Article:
The British enclave was not included in the Brexit trade deal, as it faces Spanish territorial claims that eerily resemble Morocco’s claim on Ceuta and Melilla
Rabat – Brussels and London finally concluded their Brexit trade deal ahead of Christmas, but for Gibraltar much remains in question.
Spain claims the 6.2 kilometer territory that is clearly within its geographical borders, even though it was ceded to Britain over three centuries ago. The territory was not included in the Brexit trade deal, which means the “clock is still ticking,” according to Gibraltar’s Chief Minister Fabian Picardo.
Brexit has dominated international headlines for the last few years now. Nationalism, populism and xenophobia created a difficult negotiating position that was only just resolved yesterday. Yet for Gibraltar a “hard Brexit” continues to be an option without a treaty to govern its affairs in 2021.
The UK claims it has stood “side by side” with Gibraltar in “constructive discussions with Spain.” Still, the territory faces “the challenging nature of this process at the outset of talks,” a December 24 UK statement on the matter explained. As Brexit looms, it added, the UK now hopes to “mitigate the effects of the end of the Transition Period on Gibraltar.”
For Gibraltar’s Chief Minister Fabian Picardo, the Brexit crisis is far from over. Talks continue over the fate of the British-controlled territory with Spain’s geographical borders. Spain’s European Affairs Minister Arancha Gonzalez and Prime Minister Pedro Sanchez emphasized that there was “no agreement” on Gibraltar amid ongoing negotiations.
The UK hopes to ensure “border fluidity” that Gibraltar has enjoyed prior to Brexit. As a part of the EU, Britain’s territory on Spanish soil enjoyed the benefits of borderless trade and travel between the two EU member states. All of that is set to unravel with Brexit around the corner without a clear agreement on Gibraltar.
The debate over Spanish claims on Gibraltar precede Brexit negotiations by three centuries.The territory was ceded to Britain following the 1713 Treaty of Utrecht that ended the War of the Spanish Succession. The treaty saw the emergence of the Spanish royal house of Bourbon, which still reigns today, and ended Spanish claims on France and ceded Gibraltar to Britain.
The treaty that sealed Gibraltar’s fate also shifted the balance of power in Europe, just as Brexit is doing today within the EU. Three centuries later, the treaty is again a topic of discussion as Gibraltar faces a hard Brexit without a clear trade deal ahead of the January 1 deadline.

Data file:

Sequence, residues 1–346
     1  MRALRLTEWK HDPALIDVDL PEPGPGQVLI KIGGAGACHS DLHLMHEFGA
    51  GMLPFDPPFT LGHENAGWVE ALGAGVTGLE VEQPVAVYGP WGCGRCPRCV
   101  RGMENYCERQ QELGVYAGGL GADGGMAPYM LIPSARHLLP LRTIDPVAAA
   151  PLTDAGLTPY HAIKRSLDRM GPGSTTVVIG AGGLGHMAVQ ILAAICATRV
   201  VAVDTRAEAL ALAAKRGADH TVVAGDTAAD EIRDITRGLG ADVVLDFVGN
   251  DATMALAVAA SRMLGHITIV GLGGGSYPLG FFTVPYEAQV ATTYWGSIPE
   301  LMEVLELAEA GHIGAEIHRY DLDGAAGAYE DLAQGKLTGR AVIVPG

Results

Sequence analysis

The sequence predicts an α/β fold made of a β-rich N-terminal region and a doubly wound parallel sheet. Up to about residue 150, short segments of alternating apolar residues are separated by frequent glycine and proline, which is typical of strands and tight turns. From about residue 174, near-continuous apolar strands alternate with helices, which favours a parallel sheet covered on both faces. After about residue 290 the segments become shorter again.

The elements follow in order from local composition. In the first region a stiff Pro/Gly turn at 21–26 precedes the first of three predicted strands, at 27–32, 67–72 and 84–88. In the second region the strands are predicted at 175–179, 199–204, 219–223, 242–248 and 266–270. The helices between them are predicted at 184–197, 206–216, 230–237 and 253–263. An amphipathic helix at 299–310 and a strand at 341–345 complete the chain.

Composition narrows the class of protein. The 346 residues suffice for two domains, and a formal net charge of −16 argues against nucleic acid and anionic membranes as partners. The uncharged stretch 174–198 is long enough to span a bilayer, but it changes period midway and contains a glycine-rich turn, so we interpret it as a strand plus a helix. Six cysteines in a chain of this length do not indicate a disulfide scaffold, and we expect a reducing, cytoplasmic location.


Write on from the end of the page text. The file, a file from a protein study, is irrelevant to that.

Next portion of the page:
For Britain, control of Gibraltar meant controlling a shipping lane through which passes half of the world’s maritime shipping. Similar to the choke point at the strait of Hormuz, control of Gibraltar meant controlling the entry point to the Mediterranean. For Britain it was a key point on the journey to British-controlled India, with Malta, Greece and the Suez canal as its Mediterranean route to its colonies in the East.
For Spain, the case is a clear example of territorial integrity — despite three centuries of British control. The territory lies within Spain’s geographical borders and therefore belongs to Spain which controlled the region before Britain.
Spain’s claims are valid, but they create an uncomfortable position for the country in regard to its continued occupation of territory within Morocco’s geographical borders.
Similarities to Ceuta and Melilla
Spanish claims on Gibraltar have revolved around similar arguments that support Moroccan claims on Ceuta and Melilla. Gibraltar is clearly within Spanish geographical borders, demarcated by the Atlantic and the Mediterrean. Yet the same argument applies to Spain’s two remaining territories on African soil.
Ceuta and Melilla similarly were ceded in centuries-old treaties. They are also clearly within the geographical borders of another country, namely Morocco. If Spain pursues its claims on Gibraltar amid the UK’s Brexit chaos, it could cede the argument for Moroccans increasingly making the case against Madrid’s continued occupation of Moroccan territory.
If Spanish geographical borders are a sufficient argument to abandon an 18th century treaty, why would Moroccan claims not invalidate the 17th century treaties that justify Spanish claims on the two enclaves? This is the predicament of Spain’s diplomatic corps as they determine how to pursue their country’s claims in Brexit, and post-Brexit, negotiations over Gibraltar.
If Spain does not use the current Brexit chaos to push for annexation of its rightful territory in Gibraltar, it could face a hard border with Britain. Without Gibraltar being part of the Schengen area, all trade and travel between Spain and Gibraltar will have to be tightly monitored.
With the “clock ticking,” as Gibraltar’s Fabian Picardo has put it, British and Spanish diplomats face a delicate task. They will have to find a solution to the Gibraltar question that appeases both Britain’s Brexit enthusiasts andSpanish nationalists, while avoiding a situation that could see Spain return its enclaves on Moroccan soil.
As time runs out, the consequences of Gibraltar’s post-Brexit status could reverberate across its strait, and inspire Morocco to “open discussion” with Spain on the status of Ceuta and Melilla.